General gardening literature in the University of Delaware Library's Special Collections is represented by over three hundred titles, many in multiple editions, spanning the mid-sixteenth to the late nineteenth centuries. British and American imprints are present in roughly equal proportions, providing an opportunity to study the evolution of Anglo-American horticultural practices over a four-hundred-year period. British gardening works in Special Collections range from the late sixteenth to the mid-nineteenth centuries, with the greatest concentration of titles from the eighteenth century. American gardening literature is very well represented for the entire nineteenth century. In addition to American monographs on general gardening and practical horticulture, gardening magazines such as the Magazine of Horticulture, American Journal of Horticulture, Gardener's Monthly, and Meehan's Monthly played an important role in guiding and instructing a large American audience in the pleasures and profits of garden cultivation.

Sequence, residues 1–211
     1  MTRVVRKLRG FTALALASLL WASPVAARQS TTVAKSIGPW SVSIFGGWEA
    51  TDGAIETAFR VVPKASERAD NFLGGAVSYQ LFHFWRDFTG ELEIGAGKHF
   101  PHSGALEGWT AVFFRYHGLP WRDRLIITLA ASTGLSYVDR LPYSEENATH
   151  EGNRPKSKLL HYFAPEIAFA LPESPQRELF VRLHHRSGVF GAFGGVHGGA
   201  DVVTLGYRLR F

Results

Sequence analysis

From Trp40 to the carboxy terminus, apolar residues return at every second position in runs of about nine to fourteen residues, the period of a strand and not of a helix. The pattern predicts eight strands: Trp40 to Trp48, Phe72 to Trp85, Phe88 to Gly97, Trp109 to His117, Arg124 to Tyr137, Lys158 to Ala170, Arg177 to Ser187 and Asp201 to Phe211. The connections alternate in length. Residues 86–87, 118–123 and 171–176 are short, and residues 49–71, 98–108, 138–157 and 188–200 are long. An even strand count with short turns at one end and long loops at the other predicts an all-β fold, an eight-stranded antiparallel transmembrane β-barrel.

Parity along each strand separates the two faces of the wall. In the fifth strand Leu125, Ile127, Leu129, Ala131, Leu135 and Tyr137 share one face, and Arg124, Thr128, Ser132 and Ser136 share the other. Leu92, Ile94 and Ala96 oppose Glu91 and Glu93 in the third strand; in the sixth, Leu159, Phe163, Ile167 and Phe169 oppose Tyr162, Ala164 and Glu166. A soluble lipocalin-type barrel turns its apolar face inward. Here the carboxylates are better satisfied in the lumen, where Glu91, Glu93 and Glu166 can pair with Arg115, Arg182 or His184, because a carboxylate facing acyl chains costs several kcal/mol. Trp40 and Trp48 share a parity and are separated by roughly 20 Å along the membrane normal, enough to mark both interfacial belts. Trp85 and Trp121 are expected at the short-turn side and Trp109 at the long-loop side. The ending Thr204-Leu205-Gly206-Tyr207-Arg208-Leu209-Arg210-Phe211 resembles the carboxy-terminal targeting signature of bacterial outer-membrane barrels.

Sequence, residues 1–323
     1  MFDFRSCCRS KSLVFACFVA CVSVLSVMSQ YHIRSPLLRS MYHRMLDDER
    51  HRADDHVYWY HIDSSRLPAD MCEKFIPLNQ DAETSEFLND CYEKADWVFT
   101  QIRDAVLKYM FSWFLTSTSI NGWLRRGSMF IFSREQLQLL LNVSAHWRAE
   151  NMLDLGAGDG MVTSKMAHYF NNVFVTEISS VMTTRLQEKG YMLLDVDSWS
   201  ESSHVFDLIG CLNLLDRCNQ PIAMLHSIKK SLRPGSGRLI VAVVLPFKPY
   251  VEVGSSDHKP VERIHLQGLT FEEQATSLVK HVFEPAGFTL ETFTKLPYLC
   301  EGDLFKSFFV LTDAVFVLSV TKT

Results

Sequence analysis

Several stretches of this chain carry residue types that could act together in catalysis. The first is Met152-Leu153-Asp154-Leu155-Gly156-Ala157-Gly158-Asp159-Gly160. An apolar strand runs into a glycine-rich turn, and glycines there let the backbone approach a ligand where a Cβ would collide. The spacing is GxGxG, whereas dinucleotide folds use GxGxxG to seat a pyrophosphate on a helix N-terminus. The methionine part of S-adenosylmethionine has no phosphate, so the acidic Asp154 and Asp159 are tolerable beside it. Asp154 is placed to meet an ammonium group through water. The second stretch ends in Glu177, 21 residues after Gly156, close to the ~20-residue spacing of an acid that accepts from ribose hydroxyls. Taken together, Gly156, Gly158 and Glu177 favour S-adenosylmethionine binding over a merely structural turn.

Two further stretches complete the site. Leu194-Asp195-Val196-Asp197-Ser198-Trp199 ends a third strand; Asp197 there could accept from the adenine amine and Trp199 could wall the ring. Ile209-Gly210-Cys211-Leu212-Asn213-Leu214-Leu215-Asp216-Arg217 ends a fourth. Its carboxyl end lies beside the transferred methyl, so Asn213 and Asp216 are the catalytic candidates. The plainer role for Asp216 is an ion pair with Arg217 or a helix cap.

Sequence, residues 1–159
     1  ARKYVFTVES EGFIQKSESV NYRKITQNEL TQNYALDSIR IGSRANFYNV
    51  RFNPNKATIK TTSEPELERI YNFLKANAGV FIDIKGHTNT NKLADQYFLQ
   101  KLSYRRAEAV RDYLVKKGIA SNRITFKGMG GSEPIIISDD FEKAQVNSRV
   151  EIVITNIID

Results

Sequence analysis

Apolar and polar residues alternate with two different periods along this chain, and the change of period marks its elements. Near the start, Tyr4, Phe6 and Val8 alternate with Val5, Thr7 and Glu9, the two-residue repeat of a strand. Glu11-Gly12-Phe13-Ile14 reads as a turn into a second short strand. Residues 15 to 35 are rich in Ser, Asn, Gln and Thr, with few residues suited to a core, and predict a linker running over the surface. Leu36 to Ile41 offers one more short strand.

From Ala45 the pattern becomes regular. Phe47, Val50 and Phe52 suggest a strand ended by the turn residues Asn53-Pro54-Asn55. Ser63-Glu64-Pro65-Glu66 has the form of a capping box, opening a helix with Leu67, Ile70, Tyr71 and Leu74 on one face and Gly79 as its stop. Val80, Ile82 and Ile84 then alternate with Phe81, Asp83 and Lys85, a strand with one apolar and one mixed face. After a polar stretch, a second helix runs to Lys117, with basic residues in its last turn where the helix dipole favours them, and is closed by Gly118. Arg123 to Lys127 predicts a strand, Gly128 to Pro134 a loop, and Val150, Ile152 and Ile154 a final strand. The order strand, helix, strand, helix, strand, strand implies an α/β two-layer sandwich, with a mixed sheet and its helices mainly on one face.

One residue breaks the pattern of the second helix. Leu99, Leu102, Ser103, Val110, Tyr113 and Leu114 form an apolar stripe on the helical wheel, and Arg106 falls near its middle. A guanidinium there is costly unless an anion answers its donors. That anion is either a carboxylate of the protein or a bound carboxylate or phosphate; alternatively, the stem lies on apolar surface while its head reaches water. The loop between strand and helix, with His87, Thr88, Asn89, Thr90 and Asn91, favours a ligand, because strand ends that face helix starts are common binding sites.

Special Collections holds over three hundred titles relating specifically to fruit culture and vegetable gardening, and hundreds more that include some aspects of these topics. The holdings consist primarily of materials written by nineteenth-century American horticulturalists and plant breeders, particularly between the 1840s and 1890s, and include examples of British and French works. Early English works in particular provide a context for the heritage of American fruit and vegetable growing practices. Among the earliest American publications specializing in fruits and vegetables are William Coxe's A View of the Cultivation of Fruit Trees published in 1817, and Thomas Green Fessenden's New American Gardener, published in 1828. Examples of late nineteenth century practice are recorded in popular manuals such as Peter Henderson's Gardening For Profit; A Guide to the Successful Cultivation of the Market and Family Garden , the popularity of which is demonstrated by numerous reprintings well into the twentieth century.
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